Bezos (center) at a cooperative for robotics in 2005

After Bezos heard of "rapid growth in Internet use" during late 1993, he decided to found an online book depository that primarily dealt in exchange and marketing.[35] Upon reflection Bezos said: "When I'm 80, am I going to regret leaving Wall Street? No. Will I regret missing the beginning of the Internet? Yes."[34] During this rapid growth, a new U.S. Supreme Court ruling exempted mail order companies from collecting sales taxes in states where they lack a physical presence. He left his high paying job at D. E. Shaw & Co. to set up his new company. When he told his boss that he wanted to start an Internet bookstore, Shaw replied that it was a "pretty good idea" but "a better idea for someone who didn't have a good job."[36] He founded Amazon on July 5, 1994, after making a cross-country drive from New York to Seattle, writing up its business plan on the way.[37] Early manifestations of the company were set up in Bezos' garage in Seattle.[38] Bezos chose the name "Amazon" because its began with the first letter of the alphabet and was associated with the Amazon River in South America.[39] He withdrew an estimated $300,000 from his retirement savings and invested in Amazon. During the early years at Amazon, he gained a reputation for being a "happy-go-lucky mogul" and simultaneously a "notorious micromanager [...] an executive who wants to know about everything from contract minutiae to how he is quoted in all Amazon press releases."[38] Although Amazon was just an online bookstore, he had always envisioned it going "broader than books".[34] During its early years, there was initial rejection of Amazon by the public because it was so specifically geared toward the selling of books, however, Bezos argued that it was a technology company "whose business was simplifying online transactions for consumers".[39] Three years after Bezos founded Amazon, he moved to take it public with an initial public offering (IPO) of $18.00/share in May 1997.[40] He warned many investors that there was a 70% chance of failure.[41] After a couple of years of modest performance the stocks price began to lag behind competitors and fall below the predictions of Wall Street. In 1999, financial reporters took to calling Amazon "Amazon.bomb" for its poor stock performance.[42] Bezos was the target of many of these reports because his "charisma" could not "triumph over a slew of new competitors who have deep pockets and new technologies".[42][43] In response to reporters from Fortune and Barron's, Bezos maintained that the growth of the internet would overtake market competition from larger retailers such as Borders Group and Barnes & Noble.[39] To push Amazon forward, Bezos developed the mantra "Get Big Fast" which spoke to the company's need to scale its operations and establish market dominance. He printed the slogan on t-shirts and distributed among his employees.[39] In December 1996, it was reported that Amazon's customer base held steady at 180,000. A year later it had 1 million customers and had revenues in excess of $148 million in 1997, up from $15.7 million the year previous.[39] In 1998, Bezos advocated for enterprise diversification. He initiated the sales of music and video in early 1998, and expanded to a variety of consumer goods by late 1998.[39] Bezos used the $54 million dollars raised during its equity offering in 1997, to finance an "aggressive growth and acquisition strategy".[39] In early 2000, Amazon began hosting in-house storage for vendors which expanded customer loyalty.[39] Despite the Dot-com Bubble significantly impacting the technology market, Amazon weathered the crisis by spending heavily and focusing on building its brand rather than generating income.[44]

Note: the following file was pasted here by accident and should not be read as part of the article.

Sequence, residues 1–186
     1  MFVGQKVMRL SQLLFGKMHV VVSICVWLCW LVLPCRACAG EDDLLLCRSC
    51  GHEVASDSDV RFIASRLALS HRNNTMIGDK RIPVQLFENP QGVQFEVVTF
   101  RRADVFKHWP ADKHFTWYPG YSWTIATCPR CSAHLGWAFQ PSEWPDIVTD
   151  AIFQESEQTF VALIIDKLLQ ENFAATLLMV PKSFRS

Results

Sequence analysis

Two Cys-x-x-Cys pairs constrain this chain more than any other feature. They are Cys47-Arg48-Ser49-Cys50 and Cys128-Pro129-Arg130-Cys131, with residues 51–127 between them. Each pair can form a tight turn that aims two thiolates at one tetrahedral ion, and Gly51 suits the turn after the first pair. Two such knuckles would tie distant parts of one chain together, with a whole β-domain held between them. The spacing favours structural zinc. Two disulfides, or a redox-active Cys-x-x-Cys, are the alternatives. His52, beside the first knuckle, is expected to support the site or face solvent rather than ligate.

Bezos with the Indian Prime Minister Narendra Modi, 2014.
Bezos receiving the James Smithson Bicentennial medal in 2016 for his work with Amazon

In 2002, Bezos launched Amazon Web Services which compiled data from weather channels and website traffic.[39] During this time Bezos began stressing the ideal of putting customers first instead of competitors.[45] Chris Anderson noted Amazon's business philosophy as attentive to "niche markets and customer service".[46] During late 2002, rapid spending from Amazon caused it financial distress after revenues stagnated.[47] Bezos borrowed $2 billion from select banks with only $350 million in holdings.[47] After coming "pretty close to hitting the ground", Bezos closed distribution centers and laid off 14% of the Amazon workforce.[47] In 2003, Amazon turned a profit of $400 million and Bezos gave a TED Talk entitled "The electricity metaphor for the web's future" where he detailed the events of the Dot-com Bubble.[48] In 2005, Bezos disclosed that Amazon was interested in entering the video streaming and rental business, however, his policy was that Amazon "not pre-announce what [they] might do".[46] In November 2007, Bezos launched the Amazon Kindle and announced its price of $399 to negative reaction.[49] The high sticker price reflected his belief that the Kindle served as the "iPod of reading" and separated its hardware and eBook businesses separate.[49][50] According to a 2008 Time profile, Bezos wished to create the same "flow state" found in video game simulations in books; he wished readers would "enter the author's world".[51] In 2013, Bezos secured a $600 million dollar contract with the Central Intelligence Agency (CIA) on behalf of Amazon Web Services.[52] Later that year in October, Amazon was announced the largest online shopping retailer in the world which prompted Bezos to state: "Eighteen years ago I was trucking packages to the post office in my Chevy Blazer, I can assure you I did not expect to happen what happened".[53]